COLORADO SPRINGS — The suspension of a popular Episcopal priest here has touched off outrage among his parishioners and some national leaders, who say the rector has been targeted for his conservative views.
The Rev. Don Armstrong, longtime head of Grace and St. Stephen’s Episcopal Church, was placed on administrative leave, or “temporary inhibition,” by the Colorado Episcopal Diocese last month over accusations that he misused church funds.
But some parishioners, citing Mr. Armstrong’s past clashes with Bishop Rob O’Neill over issues such as the church’s 2003 decision to ordain active homosexuals as clergy, say the whole thing smells of political persecution.
“I know Don has a business background — he keeps great books — and I think they’re fishing for something because he represents the more conservative wing of the church,” said Becky Gloriod, a 15-year church member and usher.
Parishioners began circulating a petition Sunday calling for Mr. Armstrong’s reinstatement as head of Grace and St. Stephen’s while accusing Bishop O’Neill of “an unconscionable and cruel act against our parish and its principal priest.”
So far, the petition has garnered nearly 300 signatures, but organizers say Bishop O’Neill has refused to meet with them to receive the document. The state’s largest Episcopal church, Grace and St. Stephen’s holds three Sunday services to accommodate its 2,400 members. Mr. Armstrong has led the church for 20 years.
A diocese spokeswoman declined to comment on the unrest, referring to a Jan. 3 statement stressing the investigation’s confidentiality. The statement also said that Mr. Armstrong would be presumed innocent during the inquiry, which would follow procedures outlined in the church’s canons.
“This is clearly a very difficult time for all who are affected by this investigation,” said Bishop O’Neill in the statement.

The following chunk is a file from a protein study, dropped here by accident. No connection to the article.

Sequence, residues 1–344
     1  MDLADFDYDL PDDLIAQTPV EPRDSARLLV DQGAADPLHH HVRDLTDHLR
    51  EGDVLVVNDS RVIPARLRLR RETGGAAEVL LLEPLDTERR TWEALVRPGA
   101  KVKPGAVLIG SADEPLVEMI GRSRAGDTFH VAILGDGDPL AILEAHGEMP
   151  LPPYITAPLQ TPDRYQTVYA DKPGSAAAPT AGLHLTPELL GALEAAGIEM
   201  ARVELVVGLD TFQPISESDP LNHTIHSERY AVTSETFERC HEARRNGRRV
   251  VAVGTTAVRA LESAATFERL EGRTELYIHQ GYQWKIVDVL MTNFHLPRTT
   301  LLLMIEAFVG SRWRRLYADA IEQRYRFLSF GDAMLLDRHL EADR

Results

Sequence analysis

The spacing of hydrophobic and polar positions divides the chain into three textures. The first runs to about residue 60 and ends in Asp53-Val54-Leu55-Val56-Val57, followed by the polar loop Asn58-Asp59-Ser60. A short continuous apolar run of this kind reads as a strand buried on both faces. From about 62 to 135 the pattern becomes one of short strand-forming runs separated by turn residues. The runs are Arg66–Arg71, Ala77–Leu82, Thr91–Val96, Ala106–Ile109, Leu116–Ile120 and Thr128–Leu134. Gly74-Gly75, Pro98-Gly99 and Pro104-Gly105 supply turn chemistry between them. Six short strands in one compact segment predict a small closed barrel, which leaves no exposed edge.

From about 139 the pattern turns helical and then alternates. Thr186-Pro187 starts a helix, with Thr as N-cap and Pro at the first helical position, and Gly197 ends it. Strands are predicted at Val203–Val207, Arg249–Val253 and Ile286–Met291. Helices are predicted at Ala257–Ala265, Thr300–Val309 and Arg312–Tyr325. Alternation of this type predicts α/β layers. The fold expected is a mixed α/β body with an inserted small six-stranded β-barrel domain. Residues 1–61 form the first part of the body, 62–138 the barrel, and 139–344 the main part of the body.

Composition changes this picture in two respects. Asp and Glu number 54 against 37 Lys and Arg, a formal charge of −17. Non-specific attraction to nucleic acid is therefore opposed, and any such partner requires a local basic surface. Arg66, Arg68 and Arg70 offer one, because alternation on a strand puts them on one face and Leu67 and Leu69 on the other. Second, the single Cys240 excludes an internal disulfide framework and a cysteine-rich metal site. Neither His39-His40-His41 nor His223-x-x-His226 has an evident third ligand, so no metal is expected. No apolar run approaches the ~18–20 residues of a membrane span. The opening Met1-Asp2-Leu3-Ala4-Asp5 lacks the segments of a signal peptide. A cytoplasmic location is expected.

The conflict draws yet another diocese into the ongoing battle between conservative congregations and the liberal leaders of the U.S. Episcopal Church over biblical authority, particularly with respect to homosexuality and other sexual issues. Dozens of American churches have split with the U.S. church entirely, operating under the authority of African and Asian archbishops.
Some Colorado Springs parishioners compared their situation to this week’s events in Virginia, where 21 clergy were “inhibited” by the Episcopal Diocese of Virginia. In that case, the priests belonged to the 15 churches that had announced their decision to leave the diocese.
For all his disagreements with the Colorado diocese, Mr. Armstrong had refused to advocate splitting from the church, said Ed Montgomery, a former vestry member heading up the petition drive.
The Rev. David Anderson, president of the conservative American Anglican Council, weighed in on Mr. Armstrong’s behalf, calling him “a strong leader for biblical orthodoxy” and questioning the motives of his accusers.
“It is curious that these claims have arisen at this time, when other revisionist bishops across the nation have exhibited great hostility toward priests and churches within their respective dioceses who have taken similar stands to Father Armstrong’s in support of historic Anglicanism and biblical Christianity,” he said.
Since Mr. Armstrong’s departure, tithing has dropped 40 percent as parishioners await the probe’s outcome. The pastor is forbidden from contacting church members or even setting foot on church grounds.
“It’s a difficult set of circumstances. You have a beloved pastor who now can’t minister or even maintain friendships,” said the Rev. Michael O’Donnell, the church’s associate rector.
Frustrated parishioners have also complained about what they describe as the diocese’s secrecy and refusal to provide details about the probe.
“They (other priests) have been told to stay out of it, and the vestry has been told to stay out of it. So we parishioners don’t know what’s going on,” said Jack Gloriod, a former vestry member. “All kinds of stuff stinks to high heaven.”
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